The outbreak of the coronavirus, coupled with record valuations in equity markets, has triggered a global sell-off of high-risk investments and a significant shift in sentiment among global investors. Accompanying the dip is a well-reported surge into traditional safe-haven assets such as gold. As global investors remain concerned that the virus could become far more globally significant, inflows into gold exchange traded funds are 30% higher than last year. Other low-risk investments have reported similar inflows of capital.
Henley & Partners CEO Dr. Juerg Steffen notes that there is also growing interest in residence- and citizenship-by-investment programs among wealth managers and high-net-worth (HNW) individuals as a result. Dr. Steffen explains: “Investment migration programs enable countries to grant residence or citizenship rights to individuals in exchange for a substantial investment. Savvy investors are embracing investment migration - the newest option in the safe-haven asset class - as it unlocks novel risk management and optimization options for the HNW portfolio. The current market turbulence and increased political risks – not least also connected to the Coronavirus outbreak – is accelerating the momentum for wealthy individuals to include alternative residence and citizenship as a necessary component of their portfolios – one that can expand their footprints and market reach, offer them greater mobility and additional opportunities, and protect them from the dangers of volatile markets and political instability.”
Over 100 countries have some form of investment migration legislation in place, and there are over 60 different programs active around the world. In terms of the industry’s size, citizenship-by-investment contributes about USD 3 billion a year to the global economy, while the residence-by-investment sector contributes about USD 15 billion a year, putting the industry as a whole at around USD 18 billion. Increasing demand indicates that the industry will soon reach USD 20 billion annually.
Henley & Partners Chairman and pioneer of the modern investment migration industry, Dr. Christian H. Kaelin, says additional citizenship in a favorable jurisdiction provides robust downside protection against various risks and potential geopolitical instability. Dr. Kaelin observes, “Visa rules can and do change, as do governments, but citizenship, when legitimately acquired through an established program, is for life and can normally be passed down to future generations.”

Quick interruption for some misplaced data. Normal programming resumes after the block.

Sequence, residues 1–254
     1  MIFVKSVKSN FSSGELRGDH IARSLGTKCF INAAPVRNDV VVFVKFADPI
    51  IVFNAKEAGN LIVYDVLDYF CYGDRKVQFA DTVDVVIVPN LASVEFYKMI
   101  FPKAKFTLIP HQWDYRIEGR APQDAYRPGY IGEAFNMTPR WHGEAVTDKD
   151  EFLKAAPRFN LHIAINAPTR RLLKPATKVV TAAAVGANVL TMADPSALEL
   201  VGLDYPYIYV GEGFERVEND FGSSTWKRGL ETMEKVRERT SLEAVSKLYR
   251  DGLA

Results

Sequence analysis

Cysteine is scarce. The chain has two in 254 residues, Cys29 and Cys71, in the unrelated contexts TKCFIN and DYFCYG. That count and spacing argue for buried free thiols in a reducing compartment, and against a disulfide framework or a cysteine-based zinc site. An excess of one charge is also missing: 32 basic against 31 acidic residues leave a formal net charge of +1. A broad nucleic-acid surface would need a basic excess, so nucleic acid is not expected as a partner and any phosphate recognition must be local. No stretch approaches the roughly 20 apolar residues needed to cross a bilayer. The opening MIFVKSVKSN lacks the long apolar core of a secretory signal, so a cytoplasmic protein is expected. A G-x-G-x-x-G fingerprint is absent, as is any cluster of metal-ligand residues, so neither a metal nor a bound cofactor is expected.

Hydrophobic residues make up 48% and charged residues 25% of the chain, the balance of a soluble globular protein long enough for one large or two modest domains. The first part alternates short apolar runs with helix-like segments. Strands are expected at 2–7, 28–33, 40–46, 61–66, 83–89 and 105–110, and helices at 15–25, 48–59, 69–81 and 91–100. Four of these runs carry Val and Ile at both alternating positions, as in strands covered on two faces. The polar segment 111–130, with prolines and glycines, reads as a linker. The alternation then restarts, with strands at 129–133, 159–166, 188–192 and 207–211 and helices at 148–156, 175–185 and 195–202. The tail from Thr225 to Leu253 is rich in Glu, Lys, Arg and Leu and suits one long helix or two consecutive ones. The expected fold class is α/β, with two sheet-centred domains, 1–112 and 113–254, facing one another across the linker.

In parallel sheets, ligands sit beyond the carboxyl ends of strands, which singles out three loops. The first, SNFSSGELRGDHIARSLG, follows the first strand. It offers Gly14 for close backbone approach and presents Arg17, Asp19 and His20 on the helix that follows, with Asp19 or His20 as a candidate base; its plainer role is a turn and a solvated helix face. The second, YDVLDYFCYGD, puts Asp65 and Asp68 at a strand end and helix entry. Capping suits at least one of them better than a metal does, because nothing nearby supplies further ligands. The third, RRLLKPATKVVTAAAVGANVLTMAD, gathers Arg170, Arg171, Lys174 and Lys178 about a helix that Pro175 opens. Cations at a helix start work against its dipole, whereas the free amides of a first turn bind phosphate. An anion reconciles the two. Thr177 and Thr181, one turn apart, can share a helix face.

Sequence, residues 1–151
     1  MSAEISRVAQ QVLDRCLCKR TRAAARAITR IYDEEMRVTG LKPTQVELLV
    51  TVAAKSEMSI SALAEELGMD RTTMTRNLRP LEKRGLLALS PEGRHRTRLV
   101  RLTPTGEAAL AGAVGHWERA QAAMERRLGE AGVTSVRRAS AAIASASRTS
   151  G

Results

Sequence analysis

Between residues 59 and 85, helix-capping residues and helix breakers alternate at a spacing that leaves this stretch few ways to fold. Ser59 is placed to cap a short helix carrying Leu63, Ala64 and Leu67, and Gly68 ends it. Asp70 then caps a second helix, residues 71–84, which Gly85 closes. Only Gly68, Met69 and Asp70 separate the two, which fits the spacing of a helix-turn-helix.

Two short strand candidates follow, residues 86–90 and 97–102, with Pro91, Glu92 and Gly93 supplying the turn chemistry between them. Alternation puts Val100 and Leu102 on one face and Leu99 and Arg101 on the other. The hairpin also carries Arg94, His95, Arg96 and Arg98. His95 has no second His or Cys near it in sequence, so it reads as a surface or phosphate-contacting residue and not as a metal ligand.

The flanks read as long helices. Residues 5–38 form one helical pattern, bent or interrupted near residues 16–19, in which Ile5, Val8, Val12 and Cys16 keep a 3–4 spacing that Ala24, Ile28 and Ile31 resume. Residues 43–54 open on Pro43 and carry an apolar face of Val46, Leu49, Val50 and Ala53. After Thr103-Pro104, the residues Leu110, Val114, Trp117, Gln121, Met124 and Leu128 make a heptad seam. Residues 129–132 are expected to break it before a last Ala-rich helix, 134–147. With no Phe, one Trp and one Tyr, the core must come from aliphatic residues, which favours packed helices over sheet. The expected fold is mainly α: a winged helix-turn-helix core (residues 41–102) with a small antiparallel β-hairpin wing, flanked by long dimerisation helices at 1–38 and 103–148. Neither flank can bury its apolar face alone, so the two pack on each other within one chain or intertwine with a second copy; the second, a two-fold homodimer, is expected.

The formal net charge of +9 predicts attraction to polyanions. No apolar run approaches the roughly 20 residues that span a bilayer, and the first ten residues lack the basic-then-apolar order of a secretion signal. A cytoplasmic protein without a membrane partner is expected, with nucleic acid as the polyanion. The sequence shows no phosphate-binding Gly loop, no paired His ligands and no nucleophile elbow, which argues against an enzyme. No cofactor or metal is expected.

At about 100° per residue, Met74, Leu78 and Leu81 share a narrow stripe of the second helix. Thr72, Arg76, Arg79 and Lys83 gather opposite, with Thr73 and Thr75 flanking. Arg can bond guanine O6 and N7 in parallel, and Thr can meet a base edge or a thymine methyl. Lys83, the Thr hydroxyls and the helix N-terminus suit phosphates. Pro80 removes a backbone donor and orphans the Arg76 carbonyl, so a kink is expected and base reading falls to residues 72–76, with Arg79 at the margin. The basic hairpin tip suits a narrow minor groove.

“Investment migration programs are fundamentally designed to balance risk and opportunity,” Dr. Kaelin adds. “On the one hand, holding additional residence or citizenship provides security, reliably diversifying risk through greater protection from volatile markets and political instability. On the other hand, investment migration programs permit access to a significantly expanded suite of opportunities for travel, investment, and access, creating substantial value. In either case, the benefits that accrue from multiple citizenships and residencies generate unique value for the investor that goes beyond simply providing political risk insurance,” Dr. Kaelin concludes.
For an investment of between EUR 1 million and EUR 2 million, Malta and Cyprus offer the most sought-after citizenship-by-investment programs in the EU, and along with most other EU member states, the two countries also offer residence-by-investment, at lower price points. The minimum real estate investment requirement for the Malta Residence and Visa Program is EUR 270,000, while the most affordable qualifying investment for the Cyprus Permanent Residence Program is purchase of real estate with a total market value of at least EUR 300,000 plus VAT. The minimum real estate investment requirement for the popular Portugal Golden Residence Permit Program is EUR 350,000, and the permit enables one to apply for full citizenship after five years.
Dr. Kaelin points out that another benefit of holding more than one citizenship is that it prevents individuals from being dependent on a single country: “Acquiring alternative citizenship of an EU country, for example, guarantees the right to travel, trade, and settle anywhere in the EU without restriction, as well as granting access to all the benefits enjoyed by other citizens of the state in question. For business owners this can also support business expansion and facilitate overseeing international operations. This, in turn, benefits the countries where those investors and entrepreneurs are active, and overall contributes to a more interconnected world.”
“This has a major impact on wealth planning and financial services providers,” Dr. Steffen adds. “Advisors who don’t recognize the power of investment migration as a key risk diversification tool for their clients will ultimately lose market share to those who do. Given the unequivocal value that wealthy individuals see in residence and citizenship planning, it’s a prudent move to include this important planning tool alongside more traditional instruments in any asset allocation.”